James Nisbet's Church Pulpit Commentary

GREAT THINGS AND SMALL

‘My father, if the prophet had did thee do some great thing, wouldest thou not have done it? how much rather then, when he saith to thee, Wash, and be clean?’

2 Kings 5:13

I. How many persons are there sufficiently desirous of salvation to have been tolerant of a very burdensome ritual, had the Gospel prescribed it, who yet find in the fewness and simplicity of its authorised observances an excuse for disregarding them altogether.—There is evidently something in human nature, not only which is roused by difficulties, but which is flattered by demands. Let a man suppose that heaven is to be won by punctuality of observance, and he will count every added ceremony not only a fresh stimulus but a new honour. And yet the same person cannot be brought to regard with proper respect the moderate and quiet services of his own Church, the humble instrumentality of preaching, or the two sacraments which Christ has ordained. If he brings his child to the font, it is in compliance with the world’s custom rather than with the Saviour’s word. He cannot see that the very simplicity of the sign is rather an argument for than against its Divine origin. If man had had the ordaining of it, certainly it would have been something more difficult, more cumbrous, and more costly. In the same way he refuses to believe that there can be anything beneficial to the soul in eating a morsel of bread or drinking a few drops of wine at the table of his Lord. He asks again, What can be the connection in such matters between the body and the soul? He cannot believe—he will almost say so in words—that it can be a matter of the slightest moment whether or no he performs that outward act of communion which nevertheless he cannot deny to be distinctly ordained and plainly commanded in the Gospel. If the prophet, if the Saviour, had bidden him to do some great thing, he would certainly have done it; but he cannot bring himself to believe and obey, when the charge is that simple one to wash and be clean.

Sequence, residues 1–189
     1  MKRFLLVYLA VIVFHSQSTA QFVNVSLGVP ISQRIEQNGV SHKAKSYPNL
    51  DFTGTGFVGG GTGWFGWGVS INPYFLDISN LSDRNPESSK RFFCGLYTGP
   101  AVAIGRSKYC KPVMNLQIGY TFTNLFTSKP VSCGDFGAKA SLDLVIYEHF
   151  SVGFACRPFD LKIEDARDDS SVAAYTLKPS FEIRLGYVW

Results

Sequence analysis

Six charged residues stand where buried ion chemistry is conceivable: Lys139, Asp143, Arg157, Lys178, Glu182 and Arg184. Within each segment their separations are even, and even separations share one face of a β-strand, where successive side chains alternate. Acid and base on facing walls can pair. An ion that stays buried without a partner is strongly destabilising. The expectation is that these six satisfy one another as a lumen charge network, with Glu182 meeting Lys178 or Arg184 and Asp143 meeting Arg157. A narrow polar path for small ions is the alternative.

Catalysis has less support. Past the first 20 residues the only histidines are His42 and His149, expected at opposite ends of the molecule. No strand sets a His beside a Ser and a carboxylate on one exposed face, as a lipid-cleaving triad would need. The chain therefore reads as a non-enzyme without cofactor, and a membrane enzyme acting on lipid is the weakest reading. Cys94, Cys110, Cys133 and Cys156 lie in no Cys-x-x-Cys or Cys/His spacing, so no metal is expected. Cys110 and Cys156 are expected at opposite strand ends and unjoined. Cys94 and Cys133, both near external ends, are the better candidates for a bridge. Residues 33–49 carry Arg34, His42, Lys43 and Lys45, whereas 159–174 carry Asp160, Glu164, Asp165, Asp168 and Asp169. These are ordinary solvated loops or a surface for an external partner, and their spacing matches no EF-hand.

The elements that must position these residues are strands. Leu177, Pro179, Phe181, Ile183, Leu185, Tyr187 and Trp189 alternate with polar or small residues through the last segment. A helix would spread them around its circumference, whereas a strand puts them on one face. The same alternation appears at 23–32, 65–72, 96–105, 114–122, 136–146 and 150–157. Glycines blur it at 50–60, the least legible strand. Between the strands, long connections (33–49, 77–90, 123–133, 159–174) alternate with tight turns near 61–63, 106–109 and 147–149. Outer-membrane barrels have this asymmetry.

II. The same tendency is exemplified in reference to the doctrines of the Gospel.—They who would have done some great thing will not do that which is less; they who would be willing to toil on under hard conditions, to walk mournfully and fearfully along the path of life before the Lord of Hosts, if haply they might at length attain, by pains and cares and tears, to the resurrection of the just, will not accept the tidings of an accomplished forgiveness, will not close with the offer of a positively promised Spirit; and thus fulfil, again and again, the description of the text, ‘If the prophet had bid thee do some great thing, wouldst thou not have done it? how much rather then, when he saith to thee, Wash, and be clean?’